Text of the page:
1. Make sure that your lens is “rectilinear”. That means avoid anything that is labelled a “fisheye” lens.

  2. Buy the widest rectilinear zoom that is available for your camera body.

For the Nikon APS-C system, a good entry-level lens for real estate would be the Nikon AF-P DX NIKKOR 10-20mm f/4.5-5.6G VR Lens. You could go even wider by paying a bit more with the Sigma 8-16mm f/4.5-5.6 DC HSM Lens. At the wide end, these lenses translate to 15mm and 12mm on a Full Frame camera. Yes, these lenses are not the most impressive specimens nor are they going to be able to open up very wide to let tons of light in, but most of your photography is probably going to be done around f/8 anyway so the aperture limitation is of little concern. I’m sure that there will be people who want to crucify me for this advice, but let me tell you a few things.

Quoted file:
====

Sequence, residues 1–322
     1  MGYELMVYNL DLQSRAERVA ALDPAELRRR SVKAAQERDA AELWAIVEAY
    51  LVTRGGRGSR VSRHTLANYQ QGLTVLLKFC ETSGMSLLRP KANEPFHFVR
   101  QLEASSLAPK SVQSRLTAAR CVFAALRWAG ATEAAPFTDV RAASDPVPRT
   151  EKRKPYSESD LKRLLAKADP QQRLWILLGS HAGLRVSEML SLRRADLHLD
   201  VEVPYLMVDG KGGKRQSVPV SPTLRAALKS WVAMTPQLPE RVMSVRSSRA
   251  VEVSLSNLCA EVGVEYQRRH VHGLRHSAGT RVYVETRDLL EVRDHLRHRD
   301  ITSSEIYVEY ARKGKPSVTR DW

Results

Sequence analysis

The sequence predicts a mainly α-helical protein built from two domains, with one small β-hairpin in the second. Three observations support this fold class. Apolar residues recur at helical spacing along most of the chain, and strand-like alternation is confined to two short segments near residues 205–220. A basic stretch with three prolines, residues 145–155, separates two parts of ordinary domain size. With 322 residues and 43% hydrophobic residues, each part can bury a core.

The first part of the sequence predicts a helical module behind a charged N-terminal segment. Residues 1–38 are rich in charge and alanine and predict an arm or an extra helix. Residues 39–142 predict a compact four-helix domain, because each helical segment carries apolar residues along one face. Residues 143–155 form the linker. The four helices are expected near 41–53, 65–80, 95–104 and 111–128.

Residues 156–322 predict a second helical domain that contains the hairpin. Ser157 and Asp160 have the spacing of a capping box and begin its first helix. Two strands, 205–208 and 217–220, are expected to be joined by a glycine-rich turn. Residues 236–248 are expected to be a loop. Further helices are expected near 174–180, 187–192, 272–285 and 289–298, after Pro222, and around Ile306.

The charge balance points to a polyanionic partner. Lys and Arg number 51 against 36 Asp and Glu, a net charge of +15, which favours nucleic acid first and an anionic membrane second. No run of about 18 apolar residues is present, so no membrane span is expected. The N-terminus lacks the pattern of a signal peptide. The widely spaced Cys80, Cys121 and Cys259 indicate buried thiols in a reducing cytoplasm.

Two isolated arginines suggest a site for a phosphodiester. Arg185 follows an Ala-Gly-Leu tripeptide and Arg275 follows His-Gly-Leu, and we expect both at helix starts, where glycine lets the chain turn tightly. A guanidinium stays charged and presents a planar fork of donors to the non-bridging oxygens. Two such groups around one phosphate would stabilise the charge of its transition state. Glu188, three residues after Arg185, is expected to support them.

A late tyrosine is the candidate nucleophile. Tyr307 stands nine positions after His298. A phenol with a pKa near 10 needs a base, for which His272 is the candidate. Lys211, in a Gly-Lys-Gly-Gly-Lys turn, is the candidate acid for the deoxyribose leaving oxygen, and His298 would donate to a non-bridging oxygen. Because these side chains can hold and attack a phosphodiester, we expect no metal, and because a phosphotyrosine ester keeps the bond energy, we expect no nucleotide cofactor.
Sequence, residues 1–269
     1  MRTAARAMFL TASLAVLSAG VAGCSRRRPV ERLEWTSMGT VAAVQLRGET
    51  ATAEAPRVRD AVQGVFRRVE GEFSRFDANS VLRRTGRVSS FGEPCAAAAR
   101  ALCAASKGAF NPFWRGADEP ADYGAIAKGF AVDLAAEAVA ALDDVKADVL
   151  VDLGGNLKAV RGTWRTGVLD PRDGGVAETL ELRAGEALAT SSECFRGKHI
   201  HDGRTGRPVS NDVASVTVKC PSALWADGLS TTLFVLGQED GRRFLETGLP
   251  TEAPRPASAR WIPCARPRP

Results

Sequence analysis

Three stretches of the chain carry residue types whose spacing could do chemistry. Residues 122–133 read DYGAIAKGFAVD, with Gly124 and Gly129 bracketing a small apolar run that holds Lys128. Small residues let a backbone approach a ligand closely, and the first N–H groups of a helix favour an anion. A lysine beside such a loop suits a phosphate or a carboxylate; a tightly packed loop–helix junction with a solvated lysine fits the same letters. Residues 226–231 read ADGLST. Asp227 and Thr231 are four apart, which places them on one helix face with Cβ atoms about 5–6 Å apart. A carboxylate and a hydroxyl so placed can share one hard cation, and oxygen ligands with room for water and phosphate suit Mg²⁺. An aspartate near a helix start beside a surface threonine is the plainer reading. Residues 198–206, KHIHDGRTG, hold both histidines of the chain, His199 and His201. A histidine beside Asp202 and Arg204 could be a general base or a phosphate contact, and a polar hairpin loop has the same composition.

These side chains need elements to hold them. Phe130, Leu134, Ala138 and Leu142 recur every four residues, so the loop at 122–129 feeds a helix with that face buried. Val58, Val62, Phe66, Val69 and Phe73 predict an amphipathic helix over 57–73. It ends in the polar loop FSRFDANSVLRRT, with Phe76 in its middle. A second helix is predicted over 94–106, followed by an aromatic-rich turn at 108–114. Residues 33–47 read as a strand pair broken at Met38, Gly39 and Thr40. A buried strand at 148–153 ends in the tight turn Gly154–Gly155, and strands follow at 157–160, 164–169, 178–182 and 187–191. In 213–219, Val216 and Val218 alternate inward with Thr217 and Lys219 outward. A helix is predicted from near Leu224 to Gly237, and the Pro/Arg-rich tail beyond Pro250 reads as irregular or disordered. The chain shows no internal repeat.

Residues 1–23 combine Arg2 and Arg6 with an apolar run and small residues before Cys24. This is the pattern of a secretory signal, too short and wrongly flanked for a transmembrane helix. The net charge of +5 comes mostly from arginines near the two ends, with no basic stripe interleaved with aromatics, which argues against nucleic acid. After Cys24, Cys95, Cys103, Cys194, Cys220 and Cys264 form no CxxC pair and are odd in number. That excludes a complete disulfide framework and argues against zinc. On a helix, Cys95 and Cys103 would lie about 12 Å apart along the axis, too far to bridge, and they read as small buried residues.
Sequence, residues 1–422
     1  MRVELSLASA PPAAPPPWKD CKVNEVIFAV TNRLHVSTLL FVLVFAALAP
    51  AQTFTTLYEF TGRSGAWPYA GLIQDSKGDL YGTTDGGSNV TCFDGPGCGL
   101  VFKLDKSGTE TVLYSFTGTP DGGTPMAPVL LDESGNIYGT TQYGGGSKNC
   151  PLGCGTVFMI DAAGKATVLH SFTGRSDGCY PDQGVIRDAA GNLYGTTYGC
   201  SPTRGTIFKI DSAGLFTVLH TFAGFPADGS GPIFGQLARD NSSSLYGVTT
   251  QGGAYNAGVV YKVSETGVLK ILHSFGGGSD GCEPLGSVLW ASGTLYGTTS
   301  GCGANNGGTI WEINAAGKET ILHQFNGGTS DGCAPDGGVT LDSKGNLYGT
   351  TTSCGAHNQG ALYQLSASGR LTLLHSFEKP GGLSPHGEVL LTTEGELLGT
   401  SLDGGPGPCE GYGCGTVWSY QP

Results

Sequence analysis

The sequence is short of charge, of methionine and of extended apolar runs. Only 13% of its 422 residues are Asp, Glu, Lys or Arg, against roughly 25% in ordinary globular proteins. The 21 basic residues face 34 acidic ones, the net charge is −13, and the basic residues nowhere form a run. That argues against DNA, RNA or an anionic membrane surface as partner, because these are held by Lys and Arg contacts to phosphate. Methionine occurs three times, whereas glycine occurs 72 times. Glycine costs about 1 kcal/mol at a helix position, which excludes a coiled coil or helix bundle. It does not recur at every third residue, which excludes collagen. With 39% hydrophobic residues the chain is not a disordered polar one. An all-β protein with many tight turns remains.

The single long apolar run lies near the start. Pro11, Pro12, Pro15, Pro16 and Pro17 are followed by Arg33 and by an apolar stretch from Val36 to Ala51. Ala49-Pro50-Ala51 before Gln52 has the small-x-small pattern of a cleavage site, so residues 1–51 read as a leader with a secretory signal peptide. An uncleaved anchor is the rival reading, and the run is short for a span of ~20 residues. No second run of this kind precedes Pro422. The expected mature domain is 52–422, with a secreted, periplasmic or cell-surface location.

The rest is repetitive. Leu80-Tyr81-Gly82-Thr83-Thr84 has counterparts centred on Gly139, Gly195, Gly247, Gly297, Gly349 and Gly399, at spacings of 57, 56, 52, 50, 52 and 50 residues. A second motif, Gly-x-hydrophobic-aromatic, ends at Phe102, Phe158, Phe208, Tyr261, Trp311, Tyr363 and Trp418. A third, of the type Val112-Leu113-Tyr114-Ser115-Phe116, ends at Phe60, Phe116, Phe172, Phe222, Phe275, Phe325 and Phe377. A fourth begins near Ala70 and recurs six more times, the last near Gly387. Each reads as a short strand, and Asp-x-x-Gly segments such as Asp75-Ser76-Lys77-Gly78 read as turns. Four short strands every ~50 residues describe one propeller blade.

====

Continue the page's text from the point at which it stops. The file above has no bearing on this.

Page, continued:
First, this is a business and you want to treat it as such. Once you make the minimal investment in gear, it sets you up to make profit, which you can then CHOOSE to invest in upgrades later down the road. The $276.95 hit on the Nikon 10-20mm is made up pretty much immediately while it will probably be more stressful to pay off a purchase such as the Nikon AF-S NIKKOR 14-24mm f/2.8G ED Lens for their Full Frame system even though that’s a far better lens. Don’t worry. There are eventually good reasons to shell out for those much better lenses, but focus on creating a viable business and getting the basics down before you start worrying about the differences between cheap lenses and expensive lenses. I’ll discuss upgrades in a future entry because not all upgrades are equal in terms of their return on investment.